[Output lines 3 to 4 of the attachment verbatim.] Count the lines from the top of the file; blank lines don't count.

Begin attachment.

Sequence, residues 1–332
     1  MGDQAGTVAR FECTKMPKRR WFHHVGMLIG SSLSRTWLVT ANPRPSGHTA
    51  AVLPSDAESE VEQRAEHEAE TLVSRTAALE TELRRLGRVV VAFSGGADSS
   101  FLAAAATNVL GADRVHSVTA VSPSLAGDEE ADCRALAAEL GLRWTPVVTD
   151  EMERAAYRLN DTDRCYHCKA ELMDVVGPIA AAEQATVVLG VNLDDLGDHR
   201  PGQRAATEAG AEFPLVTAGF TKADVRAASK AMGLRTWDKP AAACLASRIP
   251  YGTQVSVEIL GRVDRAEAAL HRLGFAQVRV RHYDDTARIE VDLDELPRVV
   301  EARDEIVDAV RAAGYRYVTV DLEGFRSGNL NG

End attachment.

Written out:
    51  AVLPSDAESE VEQRAEHEAE TLVSRTAALE TELRRLGRVV VAFSGGADSS
   101  FLAAAATNVL GADRVHSVTA VSPSLAGDEE ADCRALAAEL GLRWTPVVTD